A piece over at Crux by Margery Eagen, Grace Church: A spiritually richer worship, reveals quite a bit about the diversity of Catholic life in the United States today.
First off, I want to be clear that I don’t think the column/article/opinion-piece (genre was hard to gauge) was especially well done. It came across as a bit PR-ish and without much of the author’s voice to reveal her point in covering this or examples of balance. And some claims are simply myopic (i.e. Grace Church is “able to attract and grow a congregation in a way that’s nearly impossible for the American Catholic Church”–quick research would reveal many Catholic parishes growing at faster rates). However, the descriptions Eagen provides are still worth pondering.
Based on the column, here are some of the positives of Grace Church:
- Sunday worship that inspires
- Member having a relationship with Jesus
- Members enthusiastic about Sunday worship service
- An intimate, casual, friendly, and warm atmosphere and feeling between members
- Fellowship after Sunday service
- 30-minute sermons
- Feeling of being spiritually fed; emphasis on spiritual growth
Now, if you’ve lived outside of the historically culturally Catholic parts of the United States, you’re probably thinking–What’s newsworthy about this? Isn’t this a just a relatively unimpressive, generic description of just about any congregation that’s not dying? And I’d agree with you. Though the exact details on fellowship and length of sermons vary, it’s not hard to find lots of congregations that do these things. And, there are in fact lots of Catholic parishes that have these characteristics as well, especially outside of the northeast.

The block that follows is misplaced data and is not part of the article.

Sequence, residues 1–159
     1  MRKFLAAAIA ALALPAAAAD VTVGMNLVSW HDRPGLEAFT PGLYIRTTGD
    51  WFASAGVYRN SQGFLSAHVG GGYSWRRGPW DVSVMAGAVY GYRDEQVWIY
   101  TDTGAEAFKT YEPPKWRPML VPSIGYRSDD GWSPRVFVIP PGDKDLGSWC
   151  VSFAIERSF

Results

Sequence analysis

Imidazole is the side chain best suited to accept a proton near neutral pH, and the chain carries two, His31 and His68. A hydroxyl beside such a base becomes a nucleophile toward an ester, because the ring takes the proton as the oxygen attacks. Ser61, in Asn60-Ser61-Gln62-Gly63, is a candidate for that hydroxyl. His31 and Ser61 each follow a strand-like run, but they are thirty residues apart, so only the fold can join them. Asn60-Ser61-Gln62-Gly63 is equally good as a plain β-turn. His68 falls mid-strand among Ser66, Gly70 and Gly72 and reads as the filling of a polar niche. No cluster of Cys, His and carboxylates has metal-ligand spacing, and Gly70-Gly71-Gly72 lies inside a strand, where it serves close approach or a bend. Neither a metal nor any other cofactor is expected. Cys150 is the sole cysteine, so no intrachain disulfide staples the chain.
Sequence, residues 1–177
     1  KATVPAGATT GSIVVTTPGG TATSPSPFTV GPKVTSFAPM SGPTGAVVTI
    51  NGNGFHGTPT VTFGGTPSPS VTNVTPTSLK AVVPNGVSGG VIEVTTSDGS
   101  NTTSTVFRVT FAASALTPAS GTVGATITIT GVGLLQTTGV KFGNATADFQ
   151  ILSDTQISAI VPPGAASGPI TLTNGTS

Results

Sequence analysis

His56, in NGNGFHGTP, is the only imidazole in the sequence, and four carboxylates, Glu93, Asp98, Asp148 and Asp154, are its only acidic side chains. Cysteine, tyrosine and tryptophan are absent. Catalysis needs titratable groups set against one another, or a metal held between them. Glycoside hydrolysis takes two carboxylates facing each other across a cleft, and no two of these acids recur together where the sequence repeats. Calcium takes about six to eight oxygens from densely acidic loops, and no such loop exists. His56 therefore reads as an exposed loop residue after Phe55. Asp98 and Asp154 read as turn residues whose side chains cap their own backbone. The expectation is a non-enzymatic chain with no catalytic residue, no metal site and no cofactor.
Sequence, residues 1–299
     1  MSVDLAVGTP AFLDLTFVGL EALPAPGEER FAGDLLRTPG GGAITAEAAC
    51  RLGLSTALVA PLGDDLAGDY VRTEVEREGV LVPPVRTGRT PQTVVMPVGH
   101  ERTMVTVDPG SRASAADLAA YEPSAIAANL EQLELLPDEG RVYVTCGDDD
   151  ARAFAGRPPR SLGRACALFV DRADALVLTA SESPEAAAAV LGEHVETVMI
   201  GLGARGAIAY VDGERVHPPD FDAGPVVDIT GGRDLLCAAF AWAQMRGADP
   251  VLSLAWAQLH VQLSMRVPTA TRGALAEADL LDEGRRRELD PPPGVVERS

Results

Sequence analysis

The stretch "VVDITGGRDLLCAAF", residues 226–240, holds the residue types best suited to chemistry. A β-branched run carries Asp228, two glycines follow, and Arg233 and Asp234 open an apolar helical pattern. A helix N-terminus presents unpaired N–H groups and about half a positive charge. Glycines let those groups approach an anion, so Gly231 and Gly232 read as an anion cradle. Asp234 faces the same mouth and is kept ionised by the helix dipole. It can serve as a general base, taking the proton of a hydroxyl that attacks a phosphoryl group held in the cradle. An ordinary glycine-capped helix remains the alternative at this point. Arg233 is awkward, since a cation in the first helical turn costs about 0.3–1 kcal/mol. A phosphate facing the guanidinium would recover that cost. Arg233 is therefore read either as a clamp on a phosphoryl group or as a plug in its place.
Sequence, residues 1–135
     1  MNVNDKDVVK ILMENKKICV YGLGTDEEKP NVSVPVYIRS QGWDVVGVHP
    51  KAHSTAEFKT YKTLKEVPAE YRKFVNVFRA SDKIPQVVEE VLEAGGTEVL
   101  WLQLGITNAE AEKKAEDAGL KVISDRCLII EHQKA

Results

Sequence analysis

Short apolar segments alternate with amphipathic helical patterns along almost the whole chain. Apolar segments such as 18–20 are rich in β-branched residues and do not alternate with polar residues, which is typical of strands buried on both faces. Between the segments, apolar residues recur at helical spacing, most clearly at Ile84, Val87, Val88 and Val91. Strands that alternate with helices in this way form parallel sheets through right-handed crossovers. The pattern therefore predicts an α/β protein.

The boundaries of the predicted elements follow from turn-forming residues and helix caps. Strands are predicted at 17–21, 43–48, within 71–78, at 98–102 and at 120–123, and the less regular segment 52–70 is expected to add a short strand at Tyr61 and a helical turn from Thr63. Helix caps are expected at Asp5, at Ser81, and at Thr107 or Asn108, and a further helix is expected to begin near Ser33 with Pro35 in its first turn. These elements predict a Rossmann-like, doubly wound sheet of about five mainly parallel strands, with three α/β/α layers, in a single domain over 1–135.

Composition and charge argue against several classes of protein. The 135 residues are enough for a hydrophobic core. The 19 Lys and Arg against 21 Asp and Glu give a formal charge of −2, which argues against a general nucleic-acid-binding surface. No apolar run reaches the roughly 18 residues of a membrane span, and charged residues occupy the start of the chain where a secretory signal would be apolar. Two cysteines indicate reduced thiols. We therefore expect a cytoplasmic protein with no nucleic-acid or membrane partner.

Looking over Grace Church’s website confirmed this. Nothing extraordinary–it’s what one should expect to find in a congregation. What I do think is noteworthy, however, is that Grace Church very intentionally and specifically makes an appeal to Catholic Christians. The website uses the language of sacraments, it links to the USCCB’s daily lectionary, etc. It’s a nondenominational Christian congregation where many aspects of Catholicism’s language and liturgical structure are preserved.
Eagen uses many quotes from members of Grace Church that talk about perceptions (or real) differences with Church teaching, ministerial behaviors (many of which are not in accord with Canon Law to begin with), etc. But I think those complaints and justifications are not as important as she makes them out to be.
Instead, it comes down to the list of positives I mentioned above. People leave or drift from their Catholic parishes because the initial proclamation and offer of personal relationship with Jesus Christ isn’t clear enough or repeated enough for an authentic response. People leave because they don’t have friends or peers in the faith, fellow disciples to grow with. People drift because worship is perceived as an obligation, rather than a gifted opportunity for praise, hearing the Word of God, encounter with Jesus Christ, and communal prayer. These are all essential parts of living as a disciple of Jesus Christ in communion with his Church. Every Catholic parish can and should be a place where this is a reality.